The online resources might be a little less personal, but oftentimes are more convenient, especially if there are no face-to-face meetings in your local area for your type of addiction.

work the Steps

One of the most important commitments to make in your journey in working through the 12 steps, is to meet with those in the 12 step community via attending weekly or bi-weekly meetings [5]. There should be people in those meetings with varying levels of experience, sobriety, and wisdom.
Don’t be afraid of going. You may be amazed at the warm reception that you find. Many people have said that they finally felt like they were coming home when they went to a meeting or that they no longer felt alone.
Other good resources are online meetings (you can use our calendar of online meetings to see if a meeting is available at a given time) or online social networks for recovery.
The online resources might be a little less personal, but oftentimes are more convenient, especially if there are no face-to-face meetings in your local area for your type of addiction.

Staying Sober

One of the most important commitments to make in your journey in working through the 12 steps, is to meet with those in the 12 step community via attending weekly or bi-weekly meetings [5]. There should be people in those meetings with varying levels of experience, sobriety, and wisdom.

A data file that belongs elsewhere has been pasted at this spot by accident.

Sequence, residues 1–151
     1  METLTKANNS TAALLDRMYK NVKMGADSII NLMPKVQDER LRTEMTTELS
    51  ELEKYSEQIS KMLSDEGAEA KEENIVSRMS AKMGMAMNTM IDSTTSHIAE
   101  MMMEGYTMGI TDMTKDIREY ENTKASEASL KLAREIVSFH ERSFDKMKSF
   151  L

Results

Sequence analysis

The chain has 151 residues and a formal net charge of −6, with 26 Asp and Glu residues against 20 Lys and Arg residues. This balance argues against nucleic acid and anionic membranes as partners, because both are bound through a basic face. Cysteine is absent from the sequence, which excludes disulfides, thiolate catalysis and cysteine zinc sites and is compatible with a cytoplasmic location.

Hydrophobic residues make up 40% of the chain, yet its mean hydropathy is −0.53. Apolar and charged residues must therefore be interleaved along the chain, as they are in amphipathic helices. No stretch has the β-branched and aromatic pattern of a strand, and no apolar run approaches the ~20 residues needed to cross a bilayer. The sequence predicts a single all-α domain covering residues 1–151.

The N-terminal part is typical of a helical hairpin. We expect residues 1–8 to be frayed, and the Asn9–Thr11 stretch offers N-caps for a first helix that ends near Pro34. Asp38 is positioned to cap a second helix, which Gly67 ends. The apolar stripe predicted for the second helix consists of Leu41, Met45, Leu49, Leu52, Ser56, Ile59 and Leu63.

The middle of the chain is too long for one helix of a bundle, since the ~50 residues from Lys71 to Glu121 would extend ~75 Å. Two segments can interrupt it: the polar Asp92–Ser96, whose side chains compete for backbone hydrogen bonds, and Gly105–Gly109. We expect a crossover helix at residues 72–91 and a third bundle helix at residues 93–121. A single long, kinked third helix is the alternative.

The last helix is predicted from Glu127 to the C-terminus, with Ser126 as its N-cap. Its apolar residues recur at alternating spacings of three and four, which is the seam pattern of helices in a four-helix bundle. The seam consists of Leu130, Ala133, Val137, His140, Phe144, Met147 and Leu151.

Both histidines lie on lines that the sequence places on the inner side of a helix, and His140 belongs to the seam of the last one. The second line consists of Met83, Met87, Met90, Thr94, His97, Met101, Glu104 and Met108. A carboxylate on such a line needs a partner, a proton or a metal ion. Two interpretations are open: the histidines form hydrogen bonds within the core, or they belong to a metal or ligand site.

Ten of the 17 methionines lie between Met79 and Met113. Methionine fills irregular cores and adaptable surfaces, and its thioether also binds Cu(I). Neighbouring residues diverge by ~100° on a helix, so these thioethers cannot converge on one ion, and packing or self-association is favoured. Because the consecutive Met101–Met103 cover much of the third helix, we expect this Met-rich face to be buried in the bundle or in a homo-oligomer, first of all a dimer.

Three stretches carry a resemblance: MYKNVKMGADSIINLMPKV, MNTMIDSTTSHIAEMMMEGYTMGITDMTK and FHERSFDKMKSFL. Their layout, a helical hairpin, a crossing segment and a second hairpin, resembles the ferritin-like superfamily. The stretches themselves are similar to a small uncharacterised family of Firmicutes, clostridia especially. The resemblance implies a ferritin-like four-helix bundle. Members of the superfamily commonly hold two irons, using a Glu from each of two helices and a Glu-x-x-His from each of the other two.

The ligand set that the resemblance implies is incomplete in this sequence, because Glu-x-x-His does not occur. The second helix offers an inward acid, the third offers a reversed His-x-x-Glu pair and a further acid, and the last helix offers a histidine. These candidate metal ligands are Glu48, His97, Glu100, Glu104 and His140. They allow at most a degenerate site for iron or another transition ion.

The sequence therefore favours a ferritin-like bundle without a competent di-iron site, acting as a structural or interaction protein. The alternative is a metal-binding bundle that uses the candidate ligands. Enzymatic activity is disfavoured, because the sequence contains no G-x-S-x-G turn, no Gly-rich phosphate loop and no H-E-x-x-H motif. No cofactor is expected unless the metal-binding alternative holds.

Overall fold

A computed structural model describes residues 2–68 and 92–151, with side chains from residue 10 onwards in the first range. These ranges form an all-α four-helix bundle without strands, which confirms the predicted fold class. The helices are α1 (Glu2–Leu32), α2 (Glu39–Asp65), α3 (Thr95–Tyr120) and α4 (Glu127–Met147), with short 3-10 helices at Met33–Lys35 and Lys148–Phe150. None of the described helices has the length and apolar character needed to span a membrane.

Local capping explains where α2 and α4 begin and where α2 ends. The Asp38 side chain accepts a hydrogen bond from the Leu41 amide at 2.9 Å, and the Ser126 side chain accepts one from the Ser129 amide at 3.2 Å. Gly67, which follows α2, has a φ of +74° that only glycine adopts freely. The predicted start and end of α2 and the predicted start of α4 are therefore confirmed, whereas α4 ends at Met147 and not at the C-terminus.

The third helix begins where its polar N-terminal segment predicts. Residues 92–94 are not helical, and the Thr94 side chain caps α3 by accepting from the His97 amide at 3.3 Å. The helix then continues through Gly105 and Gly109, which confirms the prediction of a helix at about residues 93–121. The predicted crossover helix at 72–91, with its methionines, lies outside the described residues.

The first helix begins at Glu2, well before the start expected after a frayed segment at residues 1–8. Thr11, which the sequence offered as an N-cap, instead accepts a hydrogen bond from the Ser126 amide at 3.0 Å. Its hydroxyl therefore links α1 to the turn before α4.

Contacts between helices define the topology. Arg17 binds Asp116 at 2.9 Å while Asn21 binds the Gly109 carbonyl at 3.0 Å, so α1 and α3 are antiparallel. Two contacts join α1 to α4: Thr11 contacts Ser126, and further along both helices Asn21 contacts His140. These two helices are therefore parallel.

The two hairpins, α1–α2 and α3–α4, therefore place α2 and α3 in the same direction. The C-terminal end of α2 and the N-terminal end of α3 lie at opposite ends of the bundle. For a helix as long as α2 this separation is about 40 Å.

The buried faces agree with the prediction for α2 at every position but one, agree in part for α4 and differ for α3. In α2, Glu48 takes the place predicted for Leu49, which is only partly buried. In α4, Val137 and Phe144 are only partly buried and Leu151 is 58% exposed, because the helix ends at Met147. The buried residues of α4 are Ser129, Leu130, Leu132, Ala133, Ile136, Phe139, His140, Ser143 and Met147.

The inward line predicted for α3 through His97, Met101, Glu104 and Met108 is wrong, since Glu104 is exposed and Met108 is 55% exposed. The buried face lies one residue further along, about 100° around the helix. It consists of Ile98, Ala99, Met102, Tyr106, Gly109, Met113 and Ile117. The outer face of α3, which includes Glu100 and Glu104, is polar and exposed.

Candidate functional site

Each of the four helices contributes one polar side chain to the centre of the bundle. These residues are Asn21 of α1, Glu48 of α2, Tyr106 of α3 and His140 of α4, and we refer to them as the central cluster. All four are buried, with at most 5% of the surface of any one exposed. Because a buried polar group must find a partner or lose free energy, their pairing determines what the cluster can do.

Don’t be afraid of going. You may be amazed at the warm reception that you find. Many people have said that they finally felt like they were coming home when they went to a meeting or that they no longer felt alone.
Other good resources are online meetings (you can use our calendar of online meetings to see if a meeting is available at a given time) or online social networks for recovery.
The online resources might be a little less personal, but oftentimes are more convenient, especially if there are no face-to-face meetings in your local area for your type of addiction.

Different Types of 12 Step Meetings

This free-to-join system of support all started with Alcoholics Anonymous in the 1950s and has since spread to cover 30 types of addictions and disorders. Through these groups, you or a loved one will be able to find a judgment-free zone to work through your disorder with people who have been or currently are in your shoes.